Antietam

I admit that I’m not a huge history buff. In fact, I never found history class very interesting in school and I didn’t take any history classes in college. However, I do find certain events in history interesting from time to time. One of my fascinations involves the old canal systems, believe it or not. Having grown up around the Ohio & Erie Canal, I have thought about what it must have been like in the days when the canals were working. The Civil War is also another historical fascination of mine. From the girl who abhors war. Perhaps because it was so close and personal war in which Americans fought Americans. Our country almost broke apart as a result of that war. It’s just one of those turning points in history where the whole course of history could have changed.

I can’t say I retained all the information that was stuffed in my head while exploring this battlefield for about four hours. But I did remember some striking facts. Like the death toll from this battle alone made it the bloodiest single-day battle in American history (including battles fought during the Revolutionary War!) with over 23,000 casualties. The art work displayed in the museum depicts some pretty gruesome scenes of bodies scattered about the battlefield and, in particular, in the trenches of what was referred to as The Sunken Road.

The Sunken Road

It was eerie to stand in the middle of that road with the memory of those paintings etched into my head. I felt like I was walking on people’s graves. If there was ever a spot to be haunted, I’m sure this would be the spot.

The Sunken Road from above (in the observation tower).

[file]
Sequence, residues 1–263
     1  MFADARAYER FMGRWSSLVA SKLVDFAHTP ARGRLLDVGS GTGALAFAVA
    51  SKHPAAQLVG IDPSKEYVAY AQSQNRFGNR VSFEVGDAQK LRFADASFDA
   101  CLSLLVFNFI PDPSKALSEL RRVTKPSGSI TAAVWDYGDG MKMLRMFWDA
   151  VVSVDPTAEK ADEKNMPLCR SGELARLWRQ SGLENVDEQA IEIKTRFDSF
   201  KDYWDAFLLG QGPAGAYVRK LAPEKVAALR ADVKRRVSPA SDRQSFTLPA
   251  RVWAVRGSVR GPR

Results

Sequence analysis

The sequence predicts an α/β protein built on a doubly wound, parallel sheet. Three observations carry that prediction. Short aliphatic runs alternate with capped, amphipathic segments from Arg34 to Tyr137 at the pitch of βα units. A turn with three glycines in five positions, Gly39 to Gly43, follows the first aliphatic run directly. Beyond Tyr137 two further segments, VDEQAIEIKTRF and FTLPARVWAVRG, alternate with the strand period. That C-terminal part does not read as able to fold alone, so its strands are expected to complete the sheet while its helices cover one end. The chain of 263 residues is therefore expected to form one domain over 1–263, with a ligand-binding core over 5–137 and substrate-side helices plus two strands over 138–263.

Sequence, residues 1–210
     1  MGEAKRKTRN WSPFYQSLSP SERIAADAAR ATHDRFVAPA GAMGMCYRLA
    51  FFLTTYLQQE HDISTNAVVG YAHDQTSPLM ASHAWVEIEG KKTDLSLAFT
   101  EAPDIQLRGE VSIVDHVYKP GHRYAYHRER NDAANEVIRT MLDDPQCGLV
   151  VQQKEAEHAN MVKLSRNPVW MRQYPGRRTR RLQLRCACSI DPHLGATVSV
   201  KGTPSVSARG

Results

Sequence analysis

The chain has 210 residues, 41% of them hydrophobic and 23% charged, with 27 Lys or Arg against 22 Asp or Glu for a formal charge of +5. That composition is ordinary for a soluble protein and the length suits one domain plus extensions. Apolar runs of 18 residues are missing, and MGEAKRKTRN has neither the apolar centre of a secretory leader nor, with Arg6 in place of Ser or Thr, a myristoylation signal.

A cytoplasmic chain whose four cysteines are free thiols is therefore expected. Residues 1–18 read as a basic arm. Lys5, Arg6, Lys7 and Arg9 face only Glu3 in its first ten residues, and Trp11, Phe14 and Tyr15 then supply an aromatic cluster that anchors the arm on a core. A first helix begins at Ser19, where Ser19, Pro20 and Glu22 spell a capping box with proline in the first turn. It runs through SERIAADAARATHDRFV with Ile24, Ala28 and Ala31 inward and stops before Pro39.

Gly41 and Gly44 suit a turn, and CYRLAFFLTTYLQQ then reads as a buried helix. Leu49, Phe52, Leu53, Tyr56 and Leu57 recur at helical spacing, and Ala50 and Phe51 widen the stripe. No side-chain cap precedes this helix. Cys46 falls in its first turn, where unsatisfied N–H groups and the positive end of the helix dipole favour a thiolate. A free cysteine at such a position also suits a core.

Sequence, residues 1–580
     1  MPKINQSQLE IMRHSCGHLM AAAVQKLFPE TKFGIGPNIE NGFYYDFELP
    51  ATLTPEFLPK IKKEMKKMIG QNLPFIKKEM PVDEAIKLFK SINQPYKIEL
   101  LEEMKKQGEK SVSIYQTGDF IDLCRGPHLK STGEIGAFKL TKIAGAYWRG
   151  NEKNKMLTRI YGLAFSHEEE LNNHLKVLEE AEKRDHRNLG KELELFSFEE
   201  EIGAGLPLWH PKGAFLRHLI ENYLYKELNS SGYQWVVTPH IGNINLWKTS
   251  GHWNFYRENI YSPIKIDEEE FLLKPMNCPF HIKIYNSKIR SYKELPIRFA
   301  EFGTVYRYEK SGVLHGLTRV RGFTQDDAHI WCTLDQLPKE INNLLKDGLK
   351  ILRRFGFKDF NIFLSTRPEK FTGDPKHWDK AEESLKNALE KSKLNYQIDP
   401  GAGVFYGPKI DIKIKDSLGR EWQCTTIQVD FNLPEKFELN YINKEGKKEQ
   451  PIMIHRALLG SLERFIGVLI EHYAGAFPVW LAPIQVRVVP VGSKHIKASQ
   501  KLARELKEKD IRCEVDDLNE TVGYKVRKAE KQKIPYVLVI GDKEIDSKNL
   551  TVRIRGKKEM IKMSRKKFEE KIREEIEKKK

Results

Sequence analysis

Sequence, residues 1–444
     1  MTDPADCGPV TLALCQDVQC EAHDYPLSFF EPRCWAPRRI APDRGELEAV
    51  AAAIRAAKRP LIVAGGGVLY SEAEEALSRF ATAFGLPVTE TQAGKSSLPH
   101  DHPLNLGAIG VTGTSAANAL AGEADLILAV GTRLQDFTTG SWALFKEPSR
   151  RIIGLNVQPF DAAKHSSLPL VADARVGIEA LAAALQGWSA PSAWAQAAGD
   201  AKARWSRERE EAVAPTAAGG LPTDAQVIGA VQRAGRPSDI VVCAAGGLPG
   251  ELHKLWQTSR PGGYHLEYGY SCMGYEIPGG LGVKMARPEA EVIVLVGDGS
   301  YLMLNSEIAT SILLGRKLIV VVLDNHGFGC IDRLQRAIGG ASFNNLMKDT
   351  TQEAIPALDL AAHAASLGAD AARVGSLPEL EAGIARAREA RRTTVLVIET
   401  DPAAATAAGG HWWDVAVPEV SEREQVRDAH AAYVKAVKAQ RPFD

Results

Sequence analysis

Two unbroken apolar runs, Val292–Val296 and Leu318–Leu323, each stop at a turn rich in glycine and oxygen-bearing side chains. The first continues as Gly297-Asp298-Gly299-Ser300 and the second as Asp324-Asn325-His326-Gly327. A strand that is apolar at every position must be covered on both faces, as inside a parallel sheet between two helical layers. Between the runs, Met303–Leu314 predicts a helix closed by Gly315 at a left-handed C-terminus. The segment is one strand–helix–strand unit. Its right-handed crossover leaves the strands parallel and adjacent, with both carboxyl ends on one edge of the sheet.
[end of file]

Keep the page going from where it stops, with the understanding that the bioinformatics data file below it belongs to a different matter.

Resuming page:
It rained the whole time we were exploring the battlefield, switching between drizzle and hard downpour. I think this also added to the atmosphere of our experience there. In the distance, fog hoovered among the hills like watchful wraiths.

The view from the observation tower.

More scenery from the observation tower at Antietam.

The Burnside Bridge was where the last charge of the battle took place. It’s hard to picture the violence of war going on in what today appears as such a tranquil spot–someplace where you’d want to have a picnic with your honey.

Oops... that's not Burnside Bridge. How'd that get in here?

Ahh, here it is: Burnside Bridge

A cannon on the field by Burnside Bridge.

We spent four hours the battlefield and it truly was not enough. There were so many trails off the main road where a person could hike to see various stages of the battle, signs pointing out the key locations where specific events occurred. It’s pretty amazing how much of the battle is still so intricately recorded. You could literally walk in the shoes of a soldier from the start of the battle to the end. I’ve mixed feelings about this level of accuracy… It seems that to study something so intricately, you have to have some sort of fascination with the battle. Which I suppose is good–after all, I have an interest in the Civil War. Yet, some part of me thinks there’s something kind of sick about a fascination with a pretty brutal battle and war. It must be that hunger in us to hear a good, gruesome story. But it’s more than just a good story–it really happened. I have to keep reminding myself of that sometimes. Hearing stories about the war currently being waged in the Middle East certainly doesn’t fascinate me; it disgusts me. I can’t help but wonder if we have an over romanticized view of the past.